Sunday, November 5, 2023

All Saints, 2023-A: Blessed, holy, and worthy of praise

 Lectionary: Revelation 7:9-17; Psalm 34:1-10, 22; 1 John 3:1-3; Matthew 5:1-12 

(Note: there is no video of this sermon due to being at the diocesan convention through Saturday afternoon. This sermon, as part of our service, can be viewed on Emmanuel Episcopal, Webster Groves' YouTube channel.)

En el nombre del Dios Omnipotente, Cristo el Hijo, y el Espiritu Santo. Amen.

In his book, The Magnificent Defeat, American theologian, Frederick Buechner, said: "…to be a saint is to know joy. Not happiness that comes and goes with the moments that occasion it, but joy that is always there like an underground spring no matter how dark and terrible the night. To be a saint is to be a little out of one's mind, which is a very good thing to be a little out of from time to time. It is to live a life that is always giving itself away and yet is always full." Source

“To be a saint is to be a little out of one’s mind…” he said. Finally, a qualification for sainthood I can meet! I live a little bit out of my mind all of the time. I always have, especially when it comes to my spiritual life. I know many others (even some here) who could say the same but mostly don’t because, well… people will think they’re out of their minds.

The early church considered a saint to be anyone who believed that Jesus is the Christ. The current church still believes that. That’s why the saints we remembered today in our Litany included people of many faiths, civil right advocates, medieval mystics, military generals, and peace activists. They are lay and ordained, women and men: they are all of us.

The gospel reading today reflects for us the character of saints. These aren’t people who rise above their human frailties. On the contrary, Jesus makes very clear that saints are deeply and totally human, and he calls them blessed, that is, holy and worthy of praise.

Jesus says that saints are blessed when they come before God in absolute poverty of spirit, because knowing they need God, they place themselves into God’s care. Saints are blessed when they suffer loss, or desire justice …when they are generous with mercy in the face of sin, … when they work to bring peace out of conflict …when they keep God’s will as their priority, even though they themselves may suffer indignities and injustices for it. Blessed are they, Jesus says. They are holy and worthy of praise.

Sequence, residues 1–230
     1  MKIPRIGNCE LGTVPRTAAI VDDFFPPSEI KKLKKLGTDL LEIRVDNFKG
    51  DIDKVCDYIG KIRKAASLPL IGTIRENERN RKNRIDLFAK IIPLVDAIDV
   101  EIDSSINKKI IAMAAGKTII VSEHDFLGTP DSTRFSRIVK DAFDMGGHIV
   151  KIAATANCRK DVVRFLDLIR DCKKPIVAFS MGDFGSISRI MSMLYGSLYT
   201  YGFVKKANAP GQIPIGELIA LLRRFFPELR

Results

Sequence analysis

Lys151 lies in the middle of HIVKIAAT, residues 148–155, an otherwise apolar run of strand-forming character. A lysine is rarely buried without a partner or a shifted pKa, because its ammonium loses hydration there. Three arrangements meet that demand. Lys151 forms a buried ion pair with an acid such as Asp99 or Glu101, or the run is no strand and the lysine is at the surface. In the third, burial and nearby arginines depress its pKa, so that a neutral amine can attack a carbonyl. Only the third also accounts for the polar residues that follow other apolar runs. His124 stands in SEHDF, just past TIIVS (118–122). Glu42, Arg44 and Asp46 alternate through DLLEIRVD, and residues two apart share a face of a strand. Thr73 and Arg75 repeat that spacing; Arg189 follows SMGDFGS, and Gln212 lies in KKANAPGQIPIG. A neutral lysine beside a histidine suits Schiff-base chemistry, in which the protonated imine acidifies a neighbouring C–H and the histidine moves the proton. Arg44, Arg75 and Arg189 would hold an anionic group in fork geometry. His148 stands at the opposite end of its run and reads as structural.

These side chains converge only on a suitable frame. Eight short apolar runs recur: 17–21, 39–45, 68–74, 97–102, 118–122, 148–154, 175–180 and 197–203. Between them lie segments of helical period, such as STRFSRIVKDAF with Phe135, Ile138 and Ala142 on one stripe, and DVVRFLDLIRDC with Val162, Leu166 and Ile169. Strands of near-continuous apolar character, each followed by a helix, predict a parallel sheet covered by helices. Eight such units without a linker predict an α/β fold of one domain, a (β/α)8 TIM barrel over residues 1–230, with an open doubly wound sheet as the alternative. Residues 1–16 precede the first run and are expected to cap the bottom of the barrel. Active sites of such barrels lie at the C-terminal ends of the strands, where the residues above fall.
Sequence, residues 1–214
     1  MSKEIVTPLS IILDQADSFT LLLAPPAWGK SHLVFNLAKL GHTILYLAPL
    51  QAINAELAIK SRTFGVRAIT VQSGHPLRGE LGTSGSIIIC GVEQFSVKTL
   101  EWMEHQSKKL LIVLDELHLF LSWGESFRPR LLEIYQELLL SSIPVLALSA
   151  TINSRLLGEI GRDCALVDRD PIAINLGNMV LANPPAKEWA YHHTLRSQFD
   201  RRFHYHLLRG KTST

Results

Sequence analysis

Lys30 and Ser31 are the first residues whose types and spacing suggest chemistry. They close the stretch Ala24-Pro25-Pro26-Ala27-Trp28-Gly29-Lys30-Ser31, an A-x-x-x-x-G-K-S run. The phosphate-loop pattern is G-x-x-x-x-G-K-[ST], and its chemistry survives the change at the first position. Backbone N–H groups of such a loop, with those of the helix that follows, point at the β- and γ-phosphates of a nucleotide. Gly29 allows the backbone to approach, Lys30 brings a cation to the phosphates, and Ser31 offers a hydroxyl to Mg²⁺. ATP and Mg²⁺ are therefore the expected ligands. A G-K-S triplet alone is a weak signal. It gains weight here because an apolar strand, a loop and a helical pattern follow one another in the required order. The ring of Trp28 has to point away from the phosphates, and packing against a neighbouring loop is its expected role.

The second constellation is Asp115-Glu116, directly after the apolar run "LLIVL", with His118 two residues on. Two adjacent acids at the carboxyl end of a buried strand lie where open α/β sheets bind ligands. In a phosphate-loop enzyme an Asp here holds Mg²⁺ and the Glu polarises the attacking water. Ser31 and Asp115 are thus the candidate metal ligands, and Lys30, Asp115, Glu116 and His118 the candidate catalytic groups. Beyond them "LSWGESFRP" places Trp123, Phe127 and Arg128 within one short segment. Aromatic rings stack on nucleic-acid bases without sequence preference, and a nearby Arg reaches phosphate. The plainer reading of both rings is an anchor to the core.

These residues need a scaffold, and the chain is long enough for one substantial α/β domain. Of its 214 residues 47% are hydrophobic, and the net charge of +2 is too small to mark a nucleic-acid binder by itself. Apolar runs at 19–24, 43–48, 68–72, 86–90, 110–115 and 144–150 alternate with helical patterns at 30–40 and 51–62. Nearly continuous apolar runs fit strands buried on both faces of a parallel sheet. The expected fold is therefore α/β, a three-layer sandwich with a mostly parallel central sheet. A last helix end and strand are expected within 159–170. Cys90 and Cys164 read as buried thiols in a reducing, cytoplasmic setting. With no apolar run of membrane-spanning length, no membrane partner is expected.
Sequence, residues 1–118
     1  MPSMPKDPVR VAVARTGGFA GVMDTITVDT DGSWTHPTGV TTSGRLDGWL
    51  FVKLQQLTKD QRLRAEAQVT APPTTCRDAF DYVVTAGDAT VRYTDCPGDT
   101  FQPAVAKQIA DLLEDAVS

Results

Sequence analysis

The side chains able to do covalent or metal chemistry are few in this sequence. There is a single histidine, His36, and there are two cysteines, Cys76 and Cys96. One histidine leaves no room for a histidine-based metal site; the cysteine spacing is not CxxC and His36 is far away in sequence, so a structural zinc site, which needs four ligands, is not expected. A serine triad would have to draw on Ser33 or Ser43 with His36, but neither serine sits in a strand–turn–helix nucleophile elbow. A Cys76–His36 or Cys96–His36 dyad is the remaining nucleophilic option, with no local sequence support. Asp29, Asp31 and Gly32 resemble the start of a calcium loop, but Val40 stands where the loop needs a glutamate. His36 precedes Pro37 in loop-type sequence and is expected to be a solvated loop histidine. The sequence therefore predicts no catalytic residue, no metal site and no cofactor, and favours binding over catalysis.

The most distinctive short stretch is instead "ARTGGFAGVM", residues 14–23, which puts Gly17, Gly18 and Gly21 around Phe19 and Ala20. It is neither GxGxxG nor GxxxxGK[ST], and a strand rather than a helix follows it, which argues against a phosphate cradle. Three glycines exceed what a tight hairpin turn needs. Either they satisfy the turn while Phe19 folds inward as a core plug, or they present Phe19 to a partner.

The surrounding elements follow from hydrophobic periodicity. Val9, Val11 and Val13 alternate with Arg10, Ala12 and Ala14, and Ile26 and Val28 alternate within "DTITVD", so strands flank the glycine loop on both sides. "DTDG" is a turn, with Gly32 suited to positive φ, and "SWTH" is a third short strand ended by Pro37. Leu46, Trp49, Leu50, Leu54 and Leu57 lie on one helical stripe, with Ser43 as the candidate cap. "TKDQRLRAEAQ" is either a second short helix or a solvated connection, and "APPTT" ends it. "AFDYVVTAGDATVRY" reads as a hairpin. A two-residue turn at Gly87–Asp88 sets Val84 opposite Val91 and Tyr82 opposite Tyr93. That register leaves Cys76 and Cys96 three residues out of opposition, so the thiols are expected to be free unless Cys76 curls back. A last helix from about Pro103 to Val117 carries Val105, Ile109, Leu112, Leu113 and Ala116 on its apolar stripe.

One saint I loved was an 8-year-old beggar I met when I was part of a mission trip serving the street children in Romania. This little boy was smart, savvy, and doomed by his poverty. Yet his smile, playfulness, and laughter were ever-present. One day, as we walked along the streets of Cluj-Napoca, this precocious little guy begged some money (which, by the way, he could do in about 5 languages), then went and bought a banana. As he returned to where I was sitting on the curb, he broke the banana in two and offered me half. I was overcome by the generosity that came so naturally to him. This precious little one was a saint in heaven by age 10, a victim of his life on the streets. Blessed was he, holy, and worthy of praise. (Pic is a Romanian street child, but not the one I mentioned)

The call to purity in these Beatitudes is about our willingness to rely totally on God. This complete reliance, no matter the circumstances of our lives, keeps us in the will of God. It’s a choice: waiting on God’s redeeming love to act rather than asserting our wills (and solutions) into it. This was made real for me by my beloved aunt and godmother, whose bitterness and anger, though justified by the circumstances of her life, made her quite unlovable for many. But as she would tell me the stories of how she made it through terrible ordeals, I saw how she trusted God and waited the very long time it took for redemption to happen. I knew even as a small child, that when I was with her, I was in the presence of purity of heart, and it made her beautiful to me. Blessed was she, holy and worthy of praise.

In his address to our convention, Bp. Rafael Morales of Puerto Rico, exhorted us over and over to go – get out of our churches and into the world and share the good news of the amazing, transforming love we know in Jesus.

Thankfully, Jesus taught us how to do that by embodying the Beatitudes, showing us – in real life – what it looks like to do good to those who hate us, pray for those who abuse us, withhold nothing from anyone, and turn the other cheek. These aren’t metaphors for Jesus – or for us. They are a way of being in the world.

So, let’s choose to bring down the boundaries we’ve built up in our minds and in our faith - the ones that keep us safe and sane but separated from one another. Let’s be a little out of our minds and be led by God, taking our place in that eternal procession of saints who were, saints who are, and saints who are yet to come.

Then we too will be blessed, holy, and worthy of praise. Amen.

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